NORMAN — The NCAA, perhaps not known for doing Sooner athletics great favors, appears to have done one for Oklahoma women’s basketball.
It changed the rules.
Not rules about recruiting or scholarships or the time a coach may spend with her players, but the actual rules.
“I love it,” OU women’s basketball coach Sherri Coale said.
Friday was the program’s local media day at Lloyd Noble Center and Coale had plenty to say.
Her newcomers appear to be adjusting to the college game faster than any recruiting class before, Kaylon Williams and Maddie Manning have returned from season-ending injuries without the all-too common fear or re-injury, putting them a year ahead of the schedule many athletes take to return to full strength, and Aaryn Ellenberg, the quiet preseason All-Big 12 selection appears to have transformed herself into a real leader through the offseason.
Coale likes all of that.
Also, she loves the new rules.
Actually, there are two new rules and one very big point of emphasis the NCAA is charging its officials with enforcing.
For the first time, the women’s game will now include the 10-second rule to get the ball across halfcourt. Before, teams could burn as much of the 30-second shot clock as they wished bringing the ball up the court. Also, and this will affect the game much more drastically, the way charges can be taken in the lane is very different.
Already, charges could not be taken inside the half circle at the bottom of the lane, very nearly directly under the basket. Now, if a player begins a move to the basket with the ball from outside the lane, only a player who also began defending that player outside the lane, may take a charge inside the lane. In essence, help defense may come from a post patrolling the basket, yet that post, if she was in the lane all along, cannot take a charge from the penetrating player.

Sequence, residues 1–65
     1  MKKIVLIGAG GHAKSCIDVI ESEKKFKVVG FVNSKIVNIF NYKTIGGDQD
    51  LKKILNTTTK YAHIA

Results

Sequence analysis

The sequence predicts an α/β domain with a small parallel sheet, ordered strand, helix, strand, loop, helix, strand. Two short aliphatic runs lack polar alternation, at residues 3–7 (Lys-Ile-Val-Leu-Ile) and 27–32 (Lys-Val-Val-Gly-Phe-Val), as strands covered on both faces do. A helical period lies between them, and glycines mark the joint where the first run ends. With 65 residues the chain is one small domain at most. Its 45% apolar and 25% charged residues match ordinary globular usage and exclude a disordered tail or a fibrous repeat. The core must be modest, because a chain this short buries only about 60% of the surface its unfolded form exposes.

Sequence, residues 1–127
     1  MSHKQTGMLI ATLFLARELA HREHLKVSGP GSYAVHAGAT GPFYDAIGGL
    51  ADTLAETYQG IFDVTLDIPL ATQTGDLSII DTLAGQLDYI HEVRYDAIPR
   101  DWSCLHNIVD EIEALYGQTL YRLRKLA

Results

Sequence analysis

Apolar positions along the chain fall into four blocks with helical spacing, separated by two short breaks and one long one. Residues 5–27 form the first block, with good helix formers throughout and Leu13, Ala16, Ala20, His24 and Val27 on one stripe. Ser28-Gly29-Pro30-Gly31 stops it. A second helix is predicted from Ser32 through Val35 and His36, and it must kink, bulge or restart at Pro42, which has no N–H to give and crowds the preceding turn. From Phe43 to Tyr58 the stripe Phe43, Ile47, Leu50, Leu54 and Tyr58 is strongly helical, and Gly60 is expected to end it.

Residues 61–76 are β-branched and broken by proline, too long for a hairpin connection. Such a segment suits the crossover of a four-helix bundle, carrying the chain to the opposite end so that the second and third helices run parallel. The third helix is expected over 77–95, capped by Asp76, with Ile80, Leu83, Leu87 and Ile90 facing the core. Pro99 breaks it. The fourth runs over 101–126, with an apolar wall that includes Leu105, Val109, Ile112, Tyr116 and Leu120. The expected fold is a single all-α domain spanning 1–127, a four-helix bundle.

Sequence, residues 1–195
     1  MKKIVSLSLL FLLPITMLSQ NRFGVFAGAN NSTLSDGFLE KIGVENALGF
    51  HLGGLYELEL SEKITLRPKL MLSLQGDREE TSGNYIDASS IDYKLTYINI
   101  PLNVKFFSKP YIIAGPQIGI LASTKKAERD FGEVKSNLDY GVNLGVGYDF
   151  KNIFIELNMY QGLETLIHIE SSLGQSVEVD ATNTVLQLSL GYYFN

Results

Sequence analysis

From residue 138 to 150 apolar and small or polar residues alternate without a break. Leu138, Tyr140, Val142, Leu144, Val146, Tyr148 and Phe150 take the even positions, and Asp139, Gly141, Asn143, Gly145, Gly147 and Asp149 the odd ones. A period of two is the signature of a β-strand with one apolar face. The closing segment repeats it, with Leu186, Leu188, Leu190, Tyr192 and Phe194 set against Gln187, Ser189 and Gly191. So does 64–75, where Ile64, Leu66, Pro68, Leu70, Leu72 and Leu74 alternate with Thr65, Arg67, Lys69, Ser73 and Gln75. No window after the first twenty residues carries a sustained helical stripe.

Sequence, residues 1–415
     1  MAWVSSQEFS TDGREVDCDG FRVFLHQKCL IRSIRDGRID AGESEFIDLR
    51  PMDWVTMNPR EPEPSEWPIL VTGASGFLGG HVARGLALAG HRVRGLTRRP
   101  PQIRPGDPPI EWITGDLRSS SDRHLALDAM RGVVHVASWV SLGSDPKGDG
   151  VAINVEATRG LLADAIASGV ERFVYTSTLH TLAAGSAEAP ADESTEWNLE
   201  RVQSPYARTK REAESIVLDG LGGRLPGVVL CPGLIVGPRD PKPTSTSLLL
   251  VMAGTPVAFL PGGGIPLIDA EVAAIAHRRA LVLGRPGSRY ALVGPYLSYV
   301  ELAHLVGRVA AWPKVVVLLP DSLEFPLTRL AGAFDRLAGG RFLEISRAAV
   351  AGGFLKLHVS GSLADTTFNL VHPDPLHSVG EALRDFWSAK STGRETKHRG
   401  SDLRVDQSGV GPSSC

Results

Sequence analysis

Still, the point of emphasis could change the game the most.
Coale said there will be a limit to the contact a defender may make on the perimeter with the player she’s defending. Also, once position is established in the lane by an offensive or defensive player, the opposing player has no right to push the original player out of her established position. And, finally, cutters moving without the ball, particularly, in the lane, may not be bumped off their course by opposing players simply trying to unsettle an offense’s rhythm.
“Scoring is down. There's not much flow,” Coale said. “Percentages are low. It's just not fun to watch people beat each other up over 94 feet of the floor.”
Also, if additional foul calls are now bound to make for a longer game, the NCAA has addressed that, too. Before, media timeouts were taken at the first stoppage after the 16-, 12-, 8- and 4-minute marks of each half. Now, if a team calls a timeout when a media timeout is owed, or within 30 seconds of when a media timeout is owed, the timeout will be full and be considered the media timeout, limiting the number of stoppages during the game.”
The Sooners like the new rules in theory.
“It will excite you when somebody won’t be riding you down the court the whole entire time,” OU point guard Morgan Hook said. “I think it does play to our advantage.”
The Sooners like to get out and run, and now opposing defenses should have a harder time stopping that rhythm without being whistled.
“I don’t think it will be much of a problem for us just because of the style that we like to play,” shooting guard Ellenberg said. “It could help us with other teams that like to play slower, because we like to play faster.”
In OU’s 2009-10 Final Four season, Danielle Robinson, probably the fastest point guard in the nation, led an offense that averaged 71.7 points per game overall and 67.3 against Big 12 Conference opponents. Eight years earlier, the season Coale first took the Sooners to the Final Four, the Sooners averaged 78.2 and 75.4.
A cleaner, freer game should be right up OU’s alley.
“We’re used to the contact,” Ellenberg said.
But maybe there won’t be so much to put up with.
Follow me @clayhorning